Beginning with the emergence of Mediterranean Revival and Art Deco as expressions of prosperity and optimism in the 1920s and 30s, diverse influences from multiple eras—the Great Depression, World War II, post-war modernism, trans-Atlantic ocean liners, the space age—have shaped the architectural history of Miami Beach along a continuum of design right up to the present day, says Cary.
“Miami Beach has probably the largest collection of Art Deco architecture in the world,” says Saul Frances, director of the City of Miami Beach Parking Department. “It has 10 historic districts and is proud and self-conscious about its aesthetics.”
Charles Urstadt, chair of the Miami Design Preservation League, credits the city for setting the design bar high. The planning board, design review board, and historic preservation board are “keenly aware of the architecture and often insist on the highest standards,” he says.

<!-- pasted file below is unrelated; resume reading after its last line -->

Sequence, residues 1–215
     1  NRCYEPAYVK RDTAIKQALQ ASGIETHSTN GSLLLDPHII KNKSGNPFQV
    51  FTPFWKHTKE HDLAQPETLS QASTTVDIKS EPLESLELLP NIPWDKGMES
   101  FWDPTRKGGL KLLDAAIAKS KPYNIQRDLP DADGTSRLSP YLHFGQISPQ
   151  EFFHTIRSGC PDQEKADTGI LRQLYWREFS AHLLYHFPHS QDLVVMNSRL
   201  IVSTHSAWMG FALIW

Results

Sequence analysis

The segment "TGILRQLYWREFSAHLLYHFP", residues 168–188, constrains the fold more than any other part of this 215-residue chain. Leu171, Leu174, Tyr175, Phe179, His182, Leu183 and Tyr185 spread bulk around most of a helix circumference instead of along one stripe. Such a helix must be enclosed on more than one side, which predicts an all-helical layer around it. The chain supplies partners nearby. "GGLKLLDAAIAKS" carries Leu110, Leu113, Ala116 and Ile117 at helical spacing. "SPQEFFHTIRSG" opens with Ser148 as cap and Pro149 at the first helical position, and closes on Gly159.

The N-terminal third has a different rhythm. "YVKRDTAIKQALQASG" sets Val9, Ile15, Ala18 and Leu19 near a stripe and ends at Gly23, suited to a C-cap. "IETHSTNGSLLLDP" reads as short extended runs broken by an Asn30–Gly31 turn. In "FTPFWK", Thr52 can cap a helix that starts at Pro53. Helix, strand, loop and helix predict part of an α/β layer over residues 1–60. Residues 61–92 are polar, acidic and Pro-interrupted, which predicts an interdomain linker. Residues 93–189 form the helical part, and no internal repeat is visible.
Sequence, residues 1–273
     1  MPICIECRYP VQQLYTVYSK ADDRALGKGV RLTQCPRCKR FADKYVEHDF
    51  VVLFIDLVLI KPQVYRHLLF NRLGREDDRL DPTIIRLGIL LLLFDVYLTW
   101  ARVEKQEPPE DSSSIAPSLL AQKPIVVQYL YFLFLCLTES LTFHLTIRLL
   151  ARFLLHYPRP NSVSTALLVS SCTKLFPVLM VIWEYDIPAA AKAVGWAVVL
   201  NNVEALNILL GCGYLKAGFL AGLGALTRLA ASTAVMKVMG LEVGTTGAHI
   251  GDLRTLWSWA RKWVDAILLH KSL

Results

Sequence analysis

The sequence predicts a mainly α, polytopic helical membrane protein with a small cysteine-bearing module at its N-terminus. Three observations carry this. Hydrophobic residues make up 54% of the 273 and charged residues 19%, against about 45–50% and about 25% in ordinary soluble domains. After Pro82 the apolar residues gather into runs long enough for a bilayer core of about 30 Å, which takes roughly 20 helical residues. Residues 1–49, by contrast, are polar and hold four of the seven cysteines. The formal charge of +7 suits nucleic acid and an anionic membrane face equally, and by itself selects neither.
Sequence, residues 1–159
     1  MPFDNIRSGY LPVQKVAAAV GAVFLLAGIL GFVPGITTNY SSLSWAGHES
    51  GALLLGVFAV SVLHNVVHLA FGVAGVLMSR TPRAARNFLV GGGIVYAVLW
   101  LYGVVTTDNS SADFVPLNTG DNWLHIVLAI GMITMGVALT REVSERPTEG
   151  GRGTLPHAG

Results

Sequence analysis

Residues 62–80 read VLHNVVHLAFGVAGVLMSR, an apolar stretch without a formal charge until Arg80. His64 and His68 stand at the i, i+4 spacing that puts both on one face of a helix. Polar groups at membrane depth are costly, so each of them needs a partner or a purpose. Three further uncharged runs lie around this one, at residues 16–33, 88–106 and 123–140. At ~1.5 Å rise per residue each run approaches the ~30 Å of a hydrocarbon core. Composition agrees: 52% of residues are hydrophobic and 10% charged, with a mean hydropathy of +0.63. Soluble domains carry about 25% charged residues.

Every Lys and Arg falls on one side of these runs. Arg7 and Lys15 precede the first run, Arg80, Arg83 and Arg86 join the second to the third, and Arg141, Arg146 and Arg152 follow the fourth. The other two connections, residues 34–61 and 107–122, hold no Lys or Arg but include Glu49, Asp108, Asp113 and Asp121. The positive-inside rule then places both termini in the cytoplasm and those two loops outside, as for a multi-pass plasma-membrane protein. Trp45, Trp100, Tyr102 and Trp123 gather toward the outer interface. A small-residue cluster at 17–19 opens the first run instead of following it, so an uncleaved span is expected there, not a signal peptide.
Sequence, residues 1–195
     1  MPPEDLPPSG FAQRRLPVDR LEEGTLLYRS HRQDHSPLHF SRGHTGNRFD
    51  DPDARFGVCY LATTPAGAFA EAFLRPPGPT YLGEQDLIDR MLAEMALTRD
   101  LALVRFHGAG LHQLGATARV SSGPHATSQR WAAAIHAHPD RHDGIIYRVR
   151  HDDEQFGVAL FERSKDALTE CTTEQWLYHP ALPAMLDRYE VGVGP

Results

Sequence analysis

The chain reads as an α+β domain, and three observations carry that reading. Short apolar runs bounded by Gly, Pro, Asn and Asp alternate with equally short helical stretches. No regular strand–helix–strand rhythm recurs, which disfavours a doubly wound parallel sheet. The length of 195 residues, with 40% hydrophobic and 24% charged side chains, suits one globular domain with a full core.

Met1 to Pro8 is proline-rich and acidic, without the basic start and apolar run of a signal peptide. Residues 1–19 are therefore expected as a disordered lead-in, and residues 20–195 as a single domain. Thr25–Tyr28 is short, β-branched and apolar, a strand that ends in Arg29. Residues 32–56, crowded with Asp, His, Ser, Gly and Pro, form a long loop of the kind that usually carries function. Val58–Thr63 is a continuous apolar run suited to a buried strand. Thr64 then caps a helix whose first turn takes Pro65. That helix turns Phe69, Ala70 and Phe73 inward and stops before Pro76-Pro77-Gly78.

Urstadt adds, “There’s an understanding in the development community here that good architecture can pay off. When combined with retail, it can make a huge difference on the bottom line.”
While architects might yearn for timelessness, the yearnings of city leaders and developers are a bit more here-and-now. The combination of cutting-edge architectural design, renovated historic properties, a rich array of cultural, entertainment, and shopping opportunities, and sun-drenched beaches, fun dining, and a fabled nightlife make Miami Beach a vibrant and popular year-round destination for visitors from around the world.
“There’s a culture of design in Miami Beach that’s been consistent and they’ve stayed true to Art Deco,” says Miami Parking Authority CEO Art Noriega. “They’ve been at the forefront of changing the concept of what a garage looks like.”